Splinters and Logs

This coming Sunday is the 8th Sunday in Lectionary Cycle C. Again we are considering the “Sermon on the Plains” from the Gospel of Luke. In yesterday’s post we noted that Jesus is preparing his disciples to “be like the teacher” in that they truly begin to see the kingdom and are no longer blind. The first part of the sermon has offered a new understanding of the values of heart and action called for by God. Even if the listener decides to choose Jesus as the teacher, to what degree will they follow? Will they act on this new understanding? Will they persevere to become “fully trained” and become like their teacher?

41 Why do you notice the splinter in your brother’s eye, but do not perceive the wooden beam in your own? 42 How can you say to your brother, ‘Brother, let me remove that splinter in your eye,’ when you do not even notice the wooden beam in your own eye? You hypocrite! Remove the wooden beam from your eye first; then you will see clearly to remove the splinter in your brother’s eye.

This expression did not originate with Jesus. Aristotle was not the first to give voice to the common expectation that those who reprove others ought not suffer from the same shortcoming. In context it resonates with the caution not to judge others in the preceding section (vv. 37–38). Taken independently, the parable exposes the common human predilection to point out even the slightest faults in others while being blind to our own, even though they may be much greater (cf. Matt 7:3–5).

Culpepper (152), in his commentary on Luke writes:

“The first danger threatening discipleship is the inclination to judge others, but how can we help making judgments? What sort of persons would we be if we made no moral judgments? We are constantly faced with the need to make discriminating moral choices. Learning to judge between right and wrong and developing an acute sense of rightness and justice while being able to spot hypocrisy, moral compromises, and oppression reflects a heightened spiritual awareness. What, then, does Jesus mean by this warning not to judge others?

“Jesus was talking about a particular kind of judgment. The judgment in view is the inclination to condemn others for their faults and failures. Disciples do not grow better by comparing themselves with someone else. Some of us have gotten so sharp that we can put someone else down with just the quickest flick of the tongue. We are black belts in innuendo and faint praise. Not a speck in our brother’s eye escapes our notice. ‘The Smiths are fine people,’ we say. ‘I just don’t know why they bought a house in that neighborhood.’ ‘Aunt Bea, bless her heart, just never would let Arnold stand on his own feet.’ ‘Oh, I love that dress. It’s just right for you. Did you find it on sale?’ Of course, we would never judge others. Sometimes we merely ‘speak the truth in love’ with a little too much relish.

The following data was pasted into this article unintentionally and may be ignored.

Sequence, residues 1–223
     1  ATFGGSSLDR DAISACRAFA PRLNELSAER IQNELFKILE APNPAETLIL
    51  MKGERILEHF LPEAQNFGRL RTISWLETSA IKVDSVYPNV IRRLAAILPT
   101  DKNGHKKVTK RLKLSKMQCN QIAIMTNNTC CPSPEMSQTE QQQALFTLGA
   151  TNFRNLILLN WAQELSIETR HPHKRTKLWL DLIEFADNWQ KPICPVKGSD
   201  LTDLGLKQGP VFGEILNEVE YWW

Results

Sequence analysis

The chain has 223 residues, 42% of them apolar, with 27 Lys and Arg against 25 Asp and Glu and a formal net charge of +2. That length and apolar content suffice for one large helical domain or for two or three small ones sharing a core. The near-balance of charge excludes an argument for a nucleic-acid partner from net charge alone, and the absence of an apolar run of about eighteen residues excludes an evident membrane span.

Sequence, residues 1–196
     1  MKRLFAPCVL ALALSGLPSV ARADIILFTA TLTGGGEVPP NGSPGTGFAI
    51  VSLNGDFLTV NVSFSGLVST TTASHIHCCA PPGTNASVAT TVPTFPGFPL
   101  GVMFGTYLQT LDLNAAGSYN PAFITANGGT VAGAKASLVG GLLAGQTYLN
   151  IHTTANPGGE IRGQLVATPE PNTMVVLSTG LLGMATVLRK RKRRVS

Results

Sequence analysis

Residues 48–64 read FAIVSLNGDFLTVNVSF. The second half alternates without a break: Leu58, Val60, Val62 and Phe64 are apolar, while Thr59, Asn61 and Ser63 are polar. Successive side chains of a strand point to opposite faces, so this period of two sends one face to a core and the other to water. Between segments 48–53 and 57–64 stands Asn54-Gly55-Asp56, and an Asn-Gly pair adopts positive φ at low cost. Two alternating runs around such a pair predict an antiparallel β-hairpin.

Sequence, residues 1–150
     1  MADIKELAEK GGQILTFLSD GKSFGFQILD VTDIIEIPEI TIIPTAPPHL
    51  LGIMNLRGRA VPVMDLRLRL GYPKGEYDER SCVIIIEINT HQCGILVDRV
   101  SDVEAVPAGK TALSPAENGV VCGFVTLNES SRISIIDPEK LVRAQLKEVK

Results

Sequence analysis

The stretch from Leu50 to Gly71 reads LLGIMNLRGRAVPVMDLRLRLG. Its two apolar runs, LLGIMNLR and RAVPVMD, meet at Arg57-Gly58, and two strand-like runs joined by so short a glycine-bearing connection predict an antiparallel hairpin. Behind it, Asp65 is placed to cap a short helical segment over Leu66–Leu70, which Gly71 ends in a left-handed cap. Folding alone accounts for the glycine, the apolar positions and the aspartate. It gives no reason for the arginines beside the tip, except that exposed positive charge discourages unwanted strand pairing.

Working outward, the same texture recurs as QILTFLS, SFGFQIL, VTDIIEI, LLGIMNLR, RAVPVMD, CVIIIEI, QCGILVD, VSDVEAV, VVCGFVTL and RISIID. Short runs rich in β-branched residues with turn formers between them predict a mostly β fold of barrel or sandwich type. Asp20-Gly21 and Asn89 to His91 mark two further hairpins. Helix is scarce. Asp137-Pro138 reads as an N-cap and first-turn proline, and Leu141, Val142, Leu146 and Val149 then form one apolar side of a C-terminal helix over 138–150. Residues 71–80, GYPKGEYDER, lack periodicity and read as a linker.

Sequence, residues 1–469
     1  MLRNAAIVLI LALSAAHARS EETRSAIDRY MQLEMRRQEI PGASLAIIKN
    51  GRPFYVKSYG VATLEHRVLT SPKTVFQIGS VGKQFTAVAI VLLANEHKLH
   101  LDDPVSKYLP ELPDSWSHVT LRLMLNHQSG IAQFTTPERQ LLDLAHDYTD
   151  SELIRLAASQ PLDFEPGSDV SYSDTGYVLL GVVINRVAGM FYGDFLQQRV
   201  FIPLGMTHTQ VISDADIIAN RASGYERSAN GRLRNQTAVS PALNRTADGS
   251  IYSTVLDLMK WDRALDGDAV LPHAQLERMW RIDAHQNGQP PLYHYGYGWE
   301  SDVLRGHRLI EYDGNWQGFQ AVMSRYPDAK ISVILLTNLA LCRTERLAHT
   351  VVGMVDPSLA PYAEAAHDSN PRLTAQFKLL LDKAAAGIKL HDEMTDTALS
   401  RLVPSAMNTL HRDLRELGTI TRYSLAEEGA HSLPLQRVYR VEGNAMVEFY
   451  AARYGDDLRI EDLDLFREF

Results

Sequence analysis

“The warning not to judge and the invitation for the one without sin to cast the first stone are twin sayings that cut the ground from beneath smug superiority. Their sin may not be ours, but ours is just as bad. Judging is the sin of those who are blind to their own faults. It is the obsession of those who seek to make themselves better, not by lifting themselves up, but by bringing others down. It is the mock justice of those who presume to know what others should do. The log in our own eye hardly qualifies us to judge the faults of our brothers and sisters.”

These few verses serve to warn those who attempt to substantiate their own piety through censuring the shortcomings of others as acting inconsistently. Their hearts and actions are inconsistent. While they themselves posture for public adulation, their behavior is not determined by God – which is the ultimate measure of holiness.


Culpepper, R. Alan. “The Gospel of Luke.” New Interpreter’s Bible. Ed. Leander E. Keck. Vol. 9. Nashville: Abingdon Press, 1994–2004. 149-153

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